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  1. #31

    Default Re: if i wanted to build a jaw crusher...

    I too grew up with a gravel operation. The use of a jaw was to crush the larger rock 12" plus, into about a 3-4". That product was fed into a roll crusher.

    Using a jaw will require strong iron, as there is a significant impact. I remember when a particularly hard rock would enter the jaw there was a lot of banging. Jaw surfaces are also curved. As it was mentioned the rotating movement is in a manner to feed the rock into the jaw, but occasionally and hard rock, would fall in and be squeezed back out, propelling into the air.

    The roll crusher is less stressful as the material is fed and into a small space between 2 rotating rollers, vs being banged together.

    I would explore the roller idea before the jaw if I could as i think there will be less maintainaince .

    In any case..good luck with your interesting project.

  2. #32
    Elite Member
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    Meridian Idaho
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    Kubota B7100D

    Default Re: if i wanted to build a jaw crusher...

    Old thread but I guess still a potential project. Not much technical info but maybe this will be of interest as it talks about the operation/testing of small crushers:

    SDTDC Pubs, Portable Rock Crusher for Trails, 0423 1301

  3. #33

    Default Re: if i wanted to build a jaw crusher...

    opps...I see that someone bumped it and I got caught.

    It is an interesting subject, but only for those where gravel is expensive. Here its cheap enough to buy..its delivery that costs.

  4. #34
    Elite Member Redneck in training's Avatar
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    South Central Iowa
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    TYM 330 HST with FEL

    Default Re: if i wanted to build a jaw crusher...

    I remember seeing a rotary hammer rock crusher that was pulled behind a potato harvester. It pulverized the rocks to sand size pieces before they were discharged back to the field. Don't remember the design details.

    Simlar crushers/pulverizers are used to pulverize coal in a power plants.
    Coal mixed with flue gases (no oxygen there) enter axialy from sides and is crushed. Since the crusher also works as a blower pulverized coal is blown upward. The bigger pieces have to much energy to make a turn around a baffle installed in the duct and are bounced back to the mill. Small and light pieces (powder) make the turn and are blown to the burner.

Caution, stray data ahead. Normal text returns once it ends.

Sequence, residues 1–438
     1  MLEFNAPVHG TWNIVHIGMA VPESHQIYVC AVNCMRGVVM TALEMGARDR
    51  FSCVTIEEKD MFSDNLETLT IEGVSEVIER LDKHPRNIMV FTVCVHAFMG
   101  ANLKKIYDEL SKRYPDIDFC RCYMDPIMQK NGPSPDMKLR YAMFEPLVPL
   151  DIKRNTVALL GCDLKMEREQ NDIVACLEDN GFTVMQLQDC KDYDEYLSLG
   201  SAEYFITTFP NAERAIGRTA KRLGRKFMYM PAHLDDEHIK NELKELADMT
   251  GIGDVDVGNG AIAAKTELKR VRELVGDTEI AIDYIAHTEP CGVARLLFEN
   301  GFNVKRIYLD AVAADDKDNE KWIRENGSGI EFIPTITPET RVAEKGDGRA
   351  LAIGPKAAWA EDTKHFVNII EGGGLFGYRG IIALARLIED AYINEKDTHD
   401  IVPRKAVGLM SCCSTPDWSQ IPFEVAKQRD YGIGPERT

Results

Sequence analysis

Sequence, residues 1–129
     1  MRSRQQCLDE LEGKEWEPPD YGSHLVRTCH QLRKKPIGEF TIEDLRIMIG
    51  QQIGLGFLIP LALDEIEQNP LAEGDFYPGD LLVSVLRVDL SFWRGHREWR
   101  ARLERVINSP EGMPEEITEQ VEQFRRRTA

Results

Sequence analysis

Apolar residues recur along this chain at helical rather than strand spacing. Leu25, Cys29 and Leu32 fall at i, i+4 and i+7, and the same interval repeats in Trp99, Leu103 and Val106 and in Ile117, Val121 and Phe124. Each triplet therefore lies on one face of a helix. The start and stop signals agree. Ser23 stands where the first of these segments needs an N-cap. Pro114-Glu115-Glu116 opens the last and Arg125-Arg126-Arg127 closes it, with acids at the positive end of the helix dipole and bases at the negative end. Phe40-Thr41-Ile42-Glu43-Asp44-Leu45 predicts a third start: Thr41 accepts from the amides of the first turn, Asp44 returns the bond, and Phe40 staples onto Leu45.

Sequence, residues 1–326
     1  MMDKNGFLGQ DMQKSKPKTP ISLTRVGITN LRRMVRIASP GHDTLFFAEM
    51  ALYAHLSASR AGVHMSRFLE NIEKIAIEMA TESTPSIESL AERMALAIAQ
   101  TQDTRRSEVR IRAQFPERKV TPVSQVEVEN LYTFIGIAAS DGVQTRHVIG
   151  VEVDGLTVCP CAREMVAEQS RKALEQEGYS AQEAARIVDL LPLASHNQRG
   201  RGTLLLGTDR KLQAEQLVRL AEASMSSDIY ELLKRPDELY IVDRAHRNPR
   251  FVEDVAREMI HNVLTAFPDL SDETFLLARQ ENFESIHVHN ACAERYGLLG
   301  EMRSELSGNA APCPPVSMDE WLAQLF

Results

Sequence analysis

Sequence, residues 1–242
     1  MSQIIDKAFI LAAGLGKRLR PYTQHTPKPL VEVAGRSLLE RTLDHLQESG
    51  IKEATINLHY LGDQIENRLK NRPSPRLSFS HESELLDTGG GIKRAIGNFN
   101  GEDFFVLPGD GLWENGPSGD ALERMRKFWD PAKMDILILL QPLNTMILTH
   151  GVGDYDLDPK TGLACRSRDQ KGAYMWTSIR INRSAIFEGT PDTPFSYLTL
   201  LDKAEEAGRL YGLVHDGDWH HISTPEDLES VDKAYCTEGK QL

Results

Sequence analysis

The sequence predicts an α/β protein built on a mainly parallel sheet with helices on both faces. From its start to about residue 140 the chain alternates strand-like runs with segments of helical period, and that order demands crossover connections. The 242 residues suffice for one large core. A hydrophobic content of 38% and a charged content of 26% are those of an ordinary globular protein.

5. #35

    Default Re: if i wanted to build a jaw crusher...

    There are models available from the UK, a small one that weighs around 740kg with an opening of roughly 16" x 6.5" that runs off either donor vehicle hydraulics (roughly 5-6TPH), a power pack or a 3PL system + a larger version with a jaw opening of roughly 20" x 10" weighing approx 1650kg - again as a stand alone unit run from a donor vehicles hydraulics or as a standard 3PL system (roughly 14-15TPH).

    Both can handle rebar, stone, blocks, bricks, flint, kerbstone etc...

  6. #36

    Default Re: if i wanted to build a jaw crusher...

    This guy has the 3000 series mounted to a quick hitch for a skid steer instead of the 3PL mounts, he did 120 tonnes in 7 hours!

    YouTube - ‪Steve Downey - Building Services - Lincoln - Red Rhino - Bobcat‬‎

  7. #37
    Platinum Member atgreene's Avatar
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    2005 TB135 Excavator with Thumb, Quick Attach System, Ripper tooth, 3' Hydrauic Tilt Clean-up Bucket, Skeleton Bucket, 1986 Kubota 4150 with Loader and Quick Attach with Woods Forks, JD B, 1963 IH 504

    Default Re: if i wanted to build a jaw crusher...

    I want to build one as well. I have access to flywheels and cranks from large one-lung gas engines and am trying to piece one together from those. The jaw plates I figure can be bought at any industrial/excavation supply place. By using existing plates they then can be replaced, saving manufacturing each time they wear out.

    I used to run an old Pioneer, and the prospect of building one is apealing. Keep us up to date if you get a prototype built.
    2009 Kubota M7040, cab